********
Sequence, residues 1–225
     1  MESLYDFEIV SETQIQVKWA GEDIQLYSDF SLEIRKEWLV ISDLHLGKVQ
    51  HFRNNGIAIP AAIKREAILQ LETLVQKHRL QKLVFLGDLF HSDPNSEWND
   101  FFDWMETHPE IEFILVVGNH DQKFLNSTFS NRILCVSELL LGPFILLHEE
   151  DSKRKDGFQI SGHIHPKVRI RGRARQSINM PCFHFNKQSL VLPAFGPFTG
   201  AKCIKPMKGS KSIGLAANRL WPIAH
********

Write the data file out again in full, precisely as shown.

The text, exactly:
Sequence, residues 1–225
     1  MESLYDFEIV SETQIQVKWA GEDIQLYSDF SLEIRKEWLV ISDLHLGKVQ
    51  HFRNNGIAIP AAIKREAILQ LETLVQKHRL QKLVFLGDLF HSDPNSEWND
   101  FFDWMETHPE IEFILVVGNH DQKFLNSTFS NRILCVSELL LGPFILLHEE
   151  DSKRKDGFQI SGHIHPKVRI RGRARQSINM PCFHFNKQSL VLPAFGPFTG
   201  AKCIKPMKGS KSIGLAANRL WPIAH